To generate results, employee incentive programs need to be relevant to workers. When businesses solicit employee feedback, they are able to make initiatives much more effective.
To generate results, employee incentive programs need to be relevant to workers. Companies often fall into the trap of designing programs with little input from staff members and the outcome can be disappointing. When businesses solicit employee feedback, they are able to make initiatives much more effective.
The Mobile Press-Register reports that this was the case with the restaurant chain Checkers. The company's CEO Rick Silva thought his organization's incentive program was progressive, allowing managers and assistant managers to earn bonuses based on their individual store performance. However, a conversation with an employee changed all of that when she pointed out that the structure of the reward program made those on the front-line feel excluded.
The Checkers workers who have the largest impact on customer satisfaction and sales were not motivated to improve their performance under the existing structure of the reward program. Silva has since altered the employee incentive program to include every single employee. All workers are eligible for monthly rewards based on a range of metrics including guest satisfaction, service speed, profits and employee turnover, according to the source. The result is a higher level of engagement throughout the company that is helping to improve profits.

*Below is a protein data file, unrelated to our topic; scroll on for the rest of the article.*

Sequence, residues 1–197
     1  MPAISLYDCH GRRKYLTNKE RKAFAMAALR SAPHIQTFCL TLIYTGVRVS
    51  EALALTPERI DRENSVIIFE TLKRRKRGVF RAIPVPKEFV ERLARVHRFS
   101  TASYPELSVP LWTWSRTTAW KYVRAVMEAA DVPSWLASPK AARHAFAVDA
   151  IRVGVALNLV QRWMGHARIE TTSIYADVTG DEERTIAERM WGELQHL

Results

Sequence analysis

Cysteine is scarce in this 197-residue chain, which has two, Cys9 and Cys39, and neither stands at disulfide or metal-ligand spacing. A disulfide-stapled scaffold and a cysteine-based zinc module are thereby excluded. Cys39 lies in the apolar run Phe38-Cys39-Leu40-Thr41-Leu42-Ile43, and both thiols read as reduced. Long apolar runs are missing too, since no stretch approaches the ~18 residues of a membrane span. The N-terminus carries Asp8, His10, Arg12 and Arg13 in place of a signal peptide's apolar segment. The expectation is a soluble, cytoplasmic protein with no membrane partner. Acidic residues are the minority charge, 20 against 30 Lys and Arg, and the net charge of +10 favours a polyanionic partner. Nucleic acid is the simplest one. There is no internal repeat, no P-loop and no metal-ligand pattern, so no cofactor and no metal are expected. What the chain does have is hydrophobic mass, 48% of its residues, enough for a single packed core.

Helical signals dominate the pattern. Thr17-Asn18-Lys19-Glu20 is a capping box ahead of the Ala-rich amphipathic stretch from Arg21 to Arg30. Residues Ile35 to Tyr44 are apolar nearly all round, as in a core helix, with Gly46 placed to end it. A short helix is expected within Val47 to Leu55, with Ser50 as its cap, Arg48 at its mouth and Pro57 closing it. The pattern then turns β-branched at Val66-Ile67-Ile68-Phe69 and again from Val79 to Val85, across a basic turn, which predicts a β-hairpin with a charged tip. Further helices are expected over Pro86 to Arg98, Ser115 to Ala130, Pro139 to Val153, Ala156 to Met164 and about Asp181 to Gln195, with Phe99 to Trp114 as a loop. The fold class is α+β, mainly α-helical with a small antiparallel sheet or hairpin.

Collect more feedback with open communication
Feedback is essential for maintaining effective reward programs. It allows employees to feel included in the creation of the initiative, which drives participation and helps generate better results. The process of collecting input could also result in more productive ways to manage or oversee the program.
"First, don't assume that because you're in charge, you're getting all the great ideas," Silva told the Press-Register. "You have to find ways to engage with your front-line employees in a way that's comfortable for them, and then you have to really listen to what they're saying."
Unfortunately, many organizations struggle to effectively collect feedback from their staff. Time Magazine notes that this may be because of a lack of structure for workers. Developing clear channels through which employees can submit ideas, suggestions or criticism can significantly boost participation in management initiatives. The source also explains that feedback should be separated from any review process. When workers feel they are being judged for their input, they are less likely to offer suggestions. Staff members should feel encouraged to provide any insights they have without fear of reprisal.